You can also require the seller indemnify you for any lawsuits that result from actions or inaction that occurred prior to the closing of the sale of the business. The second strategy is a must for any buyer, but the first is only common when the sale price is very large or there is a high risk that the seller will not actually indemnify the buyer down the road.
Outstanding Coupons, Deals, Gift Cards
Strangely, these things come up a lot in acquisitions we’ve handled. Let’s say you buy a business for $100,000, and your profit margin is 25%. If there are thousands of half off coupons floating around, the value of this company is significantly less than you thought it was. In an asset purchase, you actually do not need to honor these coupons because they’re not with you; however, it ends up being bad for your public image when you’re forced to reject these coupons.
Additionally, they don’t always show up as such, but gift cards are a liability the company will need to fulfill in the future. These should lower the purchase price in a company purchase, and lead to an indemnification provision in an asset purchase or company purchase agreement.
Be Wary of Rushed Closing
I know you’re excited to get going running your new business, but a rushed closing hurts you more than it benefits you. A rushed closing won’t allow for you to discover all of the things necessary to look for in order to protect yourself. The certificate of good standing takes a couple of months itself, so be sure to request that immediately. Acquisitions are huge undertakings and should be treated as such.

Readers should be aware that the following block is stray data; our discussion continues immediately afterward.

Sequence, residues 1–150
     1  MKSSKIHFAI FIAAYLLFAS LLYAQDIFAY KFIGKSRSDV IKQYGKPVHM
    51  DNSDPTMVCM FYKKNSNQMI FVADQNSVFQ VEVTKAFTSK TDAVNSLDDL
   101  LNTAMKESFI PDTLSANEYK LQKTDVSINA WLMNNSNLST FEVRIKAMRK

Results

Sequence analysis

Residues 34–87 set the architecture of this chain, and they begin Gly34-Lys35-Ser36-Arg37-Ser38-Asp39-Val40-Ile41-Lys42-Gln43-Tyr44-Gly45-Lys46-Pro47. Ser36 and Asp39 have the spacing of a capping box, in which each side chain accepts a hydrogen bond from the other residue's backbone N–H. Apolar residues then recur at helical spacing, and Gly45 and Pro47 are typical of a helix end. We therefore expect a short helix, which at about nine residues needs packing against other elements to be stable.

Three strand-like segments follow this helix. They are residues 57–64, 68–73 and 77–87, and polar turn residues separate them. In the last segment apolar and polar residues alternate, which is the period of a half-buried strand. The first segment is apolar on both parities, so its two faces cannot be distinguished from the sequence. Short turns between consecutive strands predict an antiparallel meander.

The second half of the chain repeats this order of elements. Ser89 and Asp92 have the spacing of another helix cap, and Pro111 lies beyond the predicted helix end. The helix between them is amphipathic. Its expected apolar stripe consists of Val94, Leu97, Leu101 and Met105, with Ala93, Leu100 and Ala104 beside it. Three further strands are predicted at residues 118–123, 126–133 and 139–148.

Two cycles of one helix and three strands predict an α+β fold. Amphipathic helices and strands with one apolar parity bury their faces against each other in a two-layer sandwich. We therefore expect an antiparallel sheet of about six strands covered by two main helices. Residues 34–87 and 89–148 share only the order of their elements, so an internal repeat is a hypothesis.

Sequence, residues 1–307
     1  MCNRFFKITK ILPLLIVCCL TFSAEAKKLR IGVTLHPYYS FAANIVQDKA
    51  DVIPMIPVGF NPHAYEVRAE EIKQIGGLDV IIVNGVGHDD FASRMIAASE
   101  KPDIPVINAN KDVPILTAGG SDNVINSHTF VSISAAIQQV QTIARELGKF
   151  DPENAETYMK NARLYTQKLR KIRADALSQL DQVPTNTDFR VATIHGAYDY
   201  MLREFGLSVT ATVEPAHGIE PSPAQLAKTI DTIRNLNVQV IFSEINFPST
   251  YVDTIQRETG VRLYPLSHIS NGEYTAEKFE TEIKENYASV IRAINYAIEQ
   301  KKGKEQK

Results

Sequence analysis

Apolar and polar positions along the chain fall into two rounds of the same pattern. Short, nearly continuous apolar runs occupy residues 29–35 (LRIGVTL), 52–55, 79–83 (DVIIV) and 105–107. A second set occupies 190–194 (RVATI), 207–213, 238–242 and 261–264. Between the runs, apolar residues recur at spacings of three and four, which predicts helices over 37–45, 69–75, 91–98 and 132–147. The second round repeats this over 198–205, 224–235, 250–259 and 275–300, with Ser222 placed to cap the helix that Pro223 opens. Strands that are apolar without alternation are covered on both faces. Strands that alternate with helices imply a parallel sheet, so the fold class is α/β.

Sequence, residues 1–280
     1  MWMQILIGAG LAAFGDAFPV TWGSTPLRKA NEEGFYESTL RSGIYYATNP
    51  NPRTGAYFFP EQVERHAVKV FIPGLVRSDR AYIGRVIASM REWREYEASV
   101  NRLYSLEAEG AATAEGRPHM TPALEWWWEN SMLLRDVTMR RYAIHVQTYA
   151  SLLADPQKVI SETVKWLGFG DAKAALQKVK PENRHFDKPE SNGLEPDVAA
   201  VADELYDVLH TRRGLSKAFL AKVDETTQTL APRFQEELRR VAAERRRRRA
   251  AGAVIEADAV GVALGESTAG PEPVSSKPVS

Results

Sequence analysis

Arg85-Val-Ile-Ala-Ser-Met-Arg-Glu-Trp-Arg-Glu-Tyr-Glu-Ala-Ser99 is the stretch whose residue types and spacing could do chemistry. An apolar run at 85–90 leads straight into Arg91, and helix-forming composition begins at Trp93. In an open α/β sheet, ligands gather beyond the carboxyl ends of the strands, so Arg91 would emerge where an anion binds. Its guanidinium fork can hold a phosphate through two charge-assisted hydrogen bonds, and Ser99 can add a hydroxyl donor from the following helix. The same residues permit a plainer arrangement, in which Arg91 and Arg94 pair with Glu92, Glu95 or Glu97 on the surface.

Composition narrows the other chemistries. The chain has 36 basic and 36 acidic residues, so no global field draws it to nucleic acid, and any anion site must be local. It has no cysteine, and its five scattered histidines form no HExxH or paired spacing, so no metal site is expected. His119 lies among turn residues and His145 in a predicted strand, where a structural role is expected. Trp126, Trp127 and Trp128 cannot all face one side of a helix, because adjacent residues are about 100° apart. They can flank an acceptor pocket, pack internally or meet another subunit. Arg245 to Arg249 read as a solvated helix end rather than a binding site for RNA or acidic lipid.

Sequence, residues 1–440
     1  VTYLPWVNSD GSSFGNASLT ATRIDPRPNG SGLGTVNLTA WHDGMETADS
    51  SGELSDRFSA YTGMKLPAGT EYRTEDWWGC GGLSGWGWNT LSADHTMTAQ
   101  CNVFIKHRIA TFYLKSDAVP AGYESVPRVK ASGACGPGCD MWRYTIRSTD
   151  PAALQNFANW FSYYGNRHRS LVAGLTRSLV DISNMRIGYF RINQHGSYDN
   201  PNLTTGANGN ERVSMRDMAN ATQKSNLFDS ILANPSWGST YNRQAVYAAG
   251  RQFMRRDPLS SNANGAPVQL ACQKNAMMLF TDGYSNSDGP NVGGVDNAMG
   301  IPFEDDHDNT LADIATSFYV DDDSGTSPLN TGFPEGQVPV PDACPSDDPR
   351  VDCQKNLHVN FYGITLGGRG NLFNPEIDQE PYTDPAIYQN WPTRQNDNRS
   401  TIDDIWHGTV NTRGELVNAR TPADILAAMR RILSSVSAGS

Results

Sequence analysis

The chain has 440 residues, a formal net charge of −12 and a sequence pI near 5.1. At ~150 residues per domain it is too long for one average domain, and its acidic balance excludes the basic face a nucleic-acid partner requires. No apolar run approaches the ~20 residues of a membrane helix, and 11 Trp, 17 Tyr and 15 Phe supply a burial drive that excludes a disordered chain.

Other Owners or Potential Owners
If there were, are, or might be other owners, you need to know every detail about their standings. You could face a position where you buy a company but end up not actually owning all of the company you just purchased because there was another owner who was wrongfully kicked out of the company. This is an area where you may need to pry to find out if there are any potential owners. Questions like “is there anyone who helped you set up this company?” or “did anyone give you money to get you started?” are great questions to ask.
If there were any previous owners, you should get the signed agreements where they relinquished their ownership. If there are no signed agreements, demand that the seller obtain these, even if the seller claims there’s no problem or they cannot approach the previous owners. This is not an area you should be lax about.
There are many other things you’ll likely see when purchasing a business. If something gives you pause, take your time to ensure that you are comfortable with the situation. If you’re not comfortable, you’re not required to make the purchase. Even if you’ve put money down, walking away is a lot safer than taking on a business that is rife with liabilities you knew nothing about.
Disclaimer: The Information found in our blog is for educational purposes only, and is not meant as legal advice. If you need legal advice, please contact an attorney. Nothing in this blog is intended to create an attorney-client relationship.
Latest posts by Richard Bobholz (see all)
- Piercing the LLC Veil – SSRS v William Miller et all - January 17, 2017
- Laws are like Onions - November 14, 2016
- Law++ To Host Entrepreneurs Anonymous Support Group - November 2, 2016
- Law++’s Richard Bobholz to Judge Couture for a Cause - October 31, 2016